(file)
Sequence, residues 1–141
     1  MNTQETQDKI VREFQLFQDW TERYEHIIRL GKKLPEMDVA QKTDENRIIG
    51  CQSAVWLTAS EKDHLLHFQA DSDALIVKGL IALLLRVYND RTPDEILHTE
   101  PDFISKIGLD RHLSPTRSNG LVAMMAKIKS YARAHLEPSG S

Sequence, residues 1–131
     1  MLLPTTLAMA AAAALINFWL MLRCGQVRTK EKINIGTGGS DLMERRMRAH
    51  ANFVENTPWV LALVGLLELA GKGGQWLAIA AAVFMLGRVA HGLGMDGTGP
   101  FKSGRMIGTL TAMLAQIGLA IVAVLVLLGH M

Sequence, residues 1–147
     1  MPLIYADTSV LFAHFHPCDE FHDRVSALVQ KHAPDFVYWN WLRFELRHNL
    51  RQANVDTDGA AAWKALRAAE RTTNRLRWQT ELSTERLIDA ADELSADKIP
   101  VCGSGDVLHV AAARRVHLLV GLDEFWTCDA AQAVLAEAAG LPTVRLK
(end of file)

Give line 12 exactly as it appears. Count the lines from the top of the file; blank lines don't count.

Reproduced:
   101  VCGSGDVLHV AAARRVHLLV GLDEFWTCDA AQAVLAEAAG LPTVRLK